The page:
The tragic shooting of Trayvon Martin in Sanford, Florida has riveted the attention of the entire nation. Martin, a Miami Gardens teenager, was shot dead by neighborhood watch volunteer George Zimmerman. Many believe race played a role in the shooting. Martin was black; Zimmerman’s father is white and his mother is Hispanic.
Media reports portrayed Zimmerman as an overzealous busybody. Trayvon was seen as the victim of racial profiling, a black teen in a hoodie who accidentally wandered into the cross hairs of a frustrated cop wannabe.
Zimmerman had called police to report a young man who he claimed looked drugged and suspicious. Media portrayal of Zimmerman’s subsequent actions pointed to a misguided vigilante who hunted down and killed an innocent youngster.
The occurrence has taken on disturbing overtones. The unfortunate youth has become a symbol of racial unrest. He has been called a “martyr for the cause.” It is, of course, possible that Trayvon’s race was a factor in this tragedy. But not every act of violence perpetrated against blacks is necessarily racially motivated, just as not every act of violence against Jews is necessarily fueled by anti-Semitism.
A lynch mob mentality has emerged. The “new” Black Panther party has offered a reward of $10,000 for a citizen’s arrest of Zimmerman. The Reverends Al Sharpton and Jesse Jackson have done whatever they can to fan the flames. Sharpton sees the event as an indication of “open season on us.” Jackson points to an undercurrent of anger in the black community caused by police, banks, insurance companies and “people in striped suits.” President Obama added an emotional component when he said that if he had a son ”he would look like Trayvon.”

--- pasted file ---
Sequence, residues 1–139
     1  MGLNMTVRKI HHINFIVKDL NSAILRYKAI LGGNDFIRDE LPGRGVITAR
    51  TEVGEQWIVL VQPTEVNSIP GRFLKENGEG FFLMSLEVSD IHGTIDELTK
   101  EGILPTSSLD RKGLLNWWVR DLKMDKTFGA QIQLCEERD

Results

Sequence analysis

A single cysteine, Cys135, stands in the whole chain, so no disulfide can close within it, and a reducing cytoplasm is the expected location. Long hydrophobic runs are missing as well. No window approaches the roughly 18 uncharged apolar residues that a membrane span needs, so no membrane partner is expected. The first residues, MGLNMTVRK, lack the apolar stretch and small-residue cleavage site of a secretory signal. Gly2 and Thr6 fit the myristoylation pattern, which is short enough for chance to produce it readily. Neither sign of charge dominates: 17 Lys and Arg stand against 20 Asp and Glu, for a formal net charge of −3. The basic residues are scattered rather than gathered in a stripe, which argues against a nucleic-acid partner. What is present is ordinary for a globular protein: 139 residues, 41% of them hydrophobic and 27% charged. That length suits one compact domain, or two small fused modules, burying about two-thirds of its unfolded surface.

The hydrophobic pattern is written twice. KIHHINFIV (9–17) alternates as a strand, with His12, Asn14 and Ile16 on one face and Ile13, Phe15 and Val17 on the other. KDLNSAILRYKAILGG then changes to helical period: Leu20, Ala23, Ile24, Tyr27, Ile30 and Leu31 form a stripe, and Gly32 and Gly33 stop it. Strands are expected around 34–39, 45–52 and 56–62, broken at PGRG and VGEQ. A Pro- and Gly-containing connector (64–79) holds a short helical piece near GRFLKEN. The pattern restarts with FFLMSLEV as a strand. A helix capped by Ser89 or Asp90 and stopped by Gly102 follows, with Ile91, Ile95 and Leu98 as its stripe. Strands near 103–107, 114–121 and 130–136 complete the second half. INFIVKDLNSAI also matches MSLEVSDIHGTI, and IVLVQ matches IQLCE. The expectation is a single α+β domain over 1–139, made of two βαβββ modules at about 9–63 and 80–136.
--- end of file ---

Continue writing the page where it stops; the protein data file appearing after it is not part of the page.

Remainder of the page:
We Jews have long been victims of unfounded accusations. But this phenomenon is not unique to the Jewish world. Recall the charges made by Tawana Brawley, the allegations against Atlanta Olympic Park security guard Richard Jewell, and the attempted framing of the Duke Lacrosse Team.
I certainly am not an advocate for George Zimmerman. I am an advocate of not rushing to judgment.
About the Author: Shelley Benveniste is South Florida editor of The Jewish Press.
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